GRAV’s members rejected the idea of the Artist as "genious figure," emphasizing instead the importance of creative cooperation for the coming into being of a “solid and unified basis of collective theoretical and practical experience”. This, however, did not preclude the Group from disagreements and conflicts, which were aggravated over time. After GRAV was dissolved in 1968 as a result of apparent contradiction between their declared values (anonymity, etc.) and its individual members’ involvement in commercial art and other promotional activities, the artists mainly proceeded with their own development of the same ideas and principles that had once brought them together.
Horacio Garcia Rossi, the group’s leading figure, was born in 1929 in Buenos-Aires (Argentina). As a student of the National Academy of Fine Arts (Buenos-Aires) in 1950–1957, he made the acquaintance of young artists who would later contribute to the founding of GRAV. Rossi’s early paintings are mainly experiments with flat black-and-white forms. A characteristic feature of his GRAV-period works is the introduction of light and motion. His studies on the changeability-problem took shape as a series of moving light installations named Unstable Light Boxes. Since then, light has been a key element of all his works. Rossi experiments with light’s expressive properties, playing not only with graphic vibration, but also with its materiality. He put forth considerable effort to invent a dynamic alphabet whose every letter would be associated with an image, bright and vigorous, fitting with the letter’s shape and sound. His exercises in this sphere were crowned by a series of original “portraits” of names including those of the master’s family and fellow artists.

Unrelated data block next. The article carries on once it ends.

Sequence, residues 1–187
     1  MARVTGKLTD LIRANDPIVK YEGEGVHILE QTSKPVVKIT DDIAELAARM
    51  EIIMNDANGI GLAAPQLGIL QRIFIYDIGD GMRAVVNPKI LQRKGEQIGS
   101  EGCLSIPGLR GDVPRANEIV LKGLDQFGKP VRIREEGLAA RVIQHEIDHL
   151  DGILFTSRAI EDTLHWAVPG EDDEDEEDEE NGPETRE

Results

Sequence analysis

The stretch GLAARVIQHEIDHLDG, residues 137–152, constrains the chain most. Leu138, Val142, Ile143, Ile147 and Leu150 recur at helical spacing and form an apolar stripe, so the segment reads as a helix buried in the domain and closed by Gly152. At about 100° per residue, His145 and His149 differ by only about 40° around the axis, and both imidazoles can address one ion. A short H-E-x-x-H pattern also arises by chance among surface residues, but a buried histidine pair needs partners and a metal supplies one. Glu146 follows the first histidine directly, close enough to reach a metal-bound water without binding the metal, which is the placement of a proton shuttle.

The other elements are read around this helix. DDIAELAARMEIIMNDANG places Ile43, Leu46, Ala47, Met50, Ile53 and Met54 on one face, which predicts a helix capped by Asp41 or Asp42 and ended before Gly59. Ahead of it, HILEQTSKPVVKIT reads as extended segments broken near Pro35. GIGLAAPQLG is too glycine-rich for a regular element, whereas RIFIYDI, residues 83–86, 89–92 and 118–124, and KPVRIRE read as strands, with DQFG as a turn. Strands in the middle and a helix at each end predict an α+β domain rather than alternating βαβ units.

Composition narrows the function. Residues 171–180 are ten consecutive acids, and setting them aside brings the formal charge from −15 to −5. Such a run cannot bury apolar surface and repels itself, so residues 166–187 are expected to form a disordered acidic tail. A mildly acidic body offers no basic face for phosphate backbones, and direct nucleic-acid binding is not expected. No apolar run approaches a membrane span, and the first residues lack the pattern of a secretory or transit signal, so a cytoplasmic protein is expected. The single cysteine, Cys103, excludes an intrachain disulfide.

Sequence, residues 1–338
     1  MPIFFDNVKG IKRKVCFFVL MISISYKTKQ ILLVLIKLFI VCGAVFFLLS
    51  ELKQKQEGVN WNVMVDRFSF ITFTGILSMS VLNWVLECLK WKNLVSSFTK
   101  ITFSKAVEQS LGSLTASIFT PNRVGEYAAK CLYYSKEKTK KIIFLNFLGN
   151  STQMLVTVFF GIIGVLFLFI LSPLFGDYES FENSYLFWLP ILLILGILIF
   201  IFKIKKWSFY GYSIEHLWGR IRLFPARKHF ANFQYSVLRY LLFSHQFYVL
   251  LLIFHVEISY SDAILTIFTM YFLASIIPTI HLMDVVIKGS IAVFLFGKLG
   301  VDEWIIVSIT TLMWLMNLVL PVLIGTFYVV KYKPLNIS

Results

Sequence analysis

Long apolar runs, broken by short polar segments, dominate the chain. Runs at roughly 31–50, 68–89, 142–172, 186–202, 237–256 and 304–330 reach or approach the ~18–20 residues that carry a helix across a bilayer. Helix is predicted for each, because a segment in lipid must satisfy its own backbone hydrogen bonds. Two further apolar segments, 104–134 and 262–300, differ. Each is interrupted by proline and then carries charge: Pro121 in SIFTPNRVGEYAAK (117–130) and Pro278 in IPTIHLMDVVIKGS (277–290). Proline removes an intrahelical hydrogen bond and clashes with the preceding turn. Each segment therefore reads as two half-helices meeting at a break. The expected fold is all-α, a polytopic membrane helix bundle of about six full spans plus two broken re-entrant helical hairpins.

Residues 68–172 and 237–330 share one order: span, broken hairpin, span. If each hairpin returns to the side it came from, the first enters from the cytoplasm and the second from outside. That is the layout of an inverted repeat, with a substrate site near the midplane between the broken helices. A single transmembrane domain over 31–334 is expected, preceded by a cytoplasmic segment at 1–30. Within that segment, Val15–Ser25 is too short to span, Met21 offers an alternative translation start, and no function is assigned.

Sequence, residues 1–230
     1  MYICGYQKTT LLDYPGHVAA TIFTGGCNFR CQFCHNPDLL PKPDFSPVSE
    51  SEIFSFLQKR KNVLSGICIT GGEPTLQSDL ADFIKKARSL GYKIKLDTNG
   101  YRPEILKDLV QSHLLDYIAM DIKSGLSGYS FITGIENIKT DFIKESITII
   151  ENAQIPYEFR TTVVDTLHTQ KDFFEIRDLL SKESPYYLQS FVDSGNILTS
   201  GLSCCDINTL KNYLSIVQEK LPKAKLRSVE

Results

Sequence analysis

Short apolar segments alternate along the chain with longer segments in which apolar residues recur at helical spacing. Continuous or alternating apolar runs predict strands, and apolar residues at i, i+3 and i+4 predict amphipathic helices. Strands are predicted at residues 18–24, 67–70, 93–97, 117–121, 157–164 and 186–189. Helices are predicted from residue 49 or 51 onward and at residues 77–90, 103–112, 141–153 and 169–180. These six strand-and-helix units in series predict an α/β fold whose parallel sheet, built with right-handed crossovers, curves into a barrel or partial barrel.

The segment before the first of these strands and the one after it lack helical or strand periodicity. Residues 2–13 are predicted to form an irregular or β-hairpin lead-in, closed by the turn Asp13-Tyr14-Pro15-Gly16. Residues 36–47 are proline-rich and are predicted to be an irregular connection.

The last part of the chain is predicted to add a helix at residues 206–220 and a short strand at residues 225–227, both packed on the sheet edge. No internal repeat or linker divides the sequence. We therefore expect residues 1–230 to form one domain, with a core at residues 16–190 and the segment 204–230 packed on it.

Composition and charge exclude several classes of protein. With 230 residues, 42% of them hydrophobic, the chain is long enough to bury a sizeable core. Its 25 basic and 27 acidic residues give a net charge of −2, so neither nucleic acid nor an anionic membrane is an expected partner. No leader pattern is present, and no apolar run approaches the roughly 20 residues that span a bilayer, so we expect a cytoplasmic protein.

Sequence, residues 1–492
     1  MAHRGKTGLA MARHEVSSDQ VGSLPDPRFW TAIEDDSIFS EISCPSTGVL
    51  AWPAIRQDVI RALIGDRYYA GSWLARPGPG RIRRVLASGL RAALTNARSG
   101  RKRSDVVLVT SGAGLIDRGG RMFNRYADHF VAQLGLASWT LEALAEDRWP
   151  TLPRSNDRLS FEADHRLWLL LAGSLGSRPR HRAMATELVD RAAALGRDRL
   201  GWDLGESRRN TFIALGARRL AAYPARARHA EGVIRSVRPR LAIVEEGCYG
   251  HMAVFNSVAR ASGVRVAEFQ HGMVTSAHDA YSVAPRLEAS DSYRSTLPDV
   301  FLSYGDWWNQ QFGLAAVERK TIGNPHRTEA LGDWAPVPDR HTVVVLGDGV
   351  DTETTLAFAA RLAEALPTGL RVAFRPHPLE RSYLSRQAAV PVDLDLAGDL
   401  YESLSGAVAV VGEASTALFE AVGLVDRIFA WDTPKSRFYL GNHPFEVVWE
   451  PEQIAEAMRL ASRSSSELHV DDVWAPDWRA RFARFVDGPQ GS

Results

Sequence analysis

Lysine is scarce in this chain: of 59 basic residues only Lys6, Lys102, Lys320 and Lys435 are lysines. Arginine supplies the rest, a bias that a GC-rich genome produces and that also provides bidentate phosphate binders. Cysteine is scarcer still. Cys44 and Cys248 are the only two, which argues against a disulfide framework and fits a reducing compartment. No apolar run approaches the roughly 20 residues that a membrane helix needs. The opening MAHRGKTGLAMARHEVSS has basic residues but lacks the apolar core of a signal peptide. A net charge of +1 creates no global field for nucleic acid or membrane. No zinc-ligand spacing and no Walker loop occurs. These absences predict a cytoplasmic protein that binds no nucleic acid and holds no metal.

Since the late 1970s, Rossi has devoted his time to researching the interaction of light and colour, resulting in a new artistic medium that he calls Couleur lumiere (“Colour-light”), the main “subject” of a series of his works from that time. In his recent cycle, Chaos (2006–2007), the “colour-light” alternatively flashes, bursts or dies away on the canvas. It produces the dynamic moving effect that he has long been striving to achieve with the help of motors, lamps and other electro-mechanic equipment. In the piece, wide planes are crossed by an intense universal-scale confrontation of light-lines in flux, discharging a flood of energy into which the viewer plunges - witness to the eternal conflict between Chaos and Order, which inevitably ends in the victory of Light giving birth to Matter.
Horacio Garcia Rossi and GRAV. The Geometry of Imaginary Space was organized by the State Hermitage Museum together with Il Cigno Galileo Galilei Publishers (Rome, Italy) under the auspices of the Ministry of Foreign Affairs of the Italian Republic in Saint Petersburg and the Consulate General of the Italian Republic in Saint Petersburg.
The exhibition is overseen by N.B. Demina, Junior Research Associate of the Department of Western European Art of the State Hermitage Museum.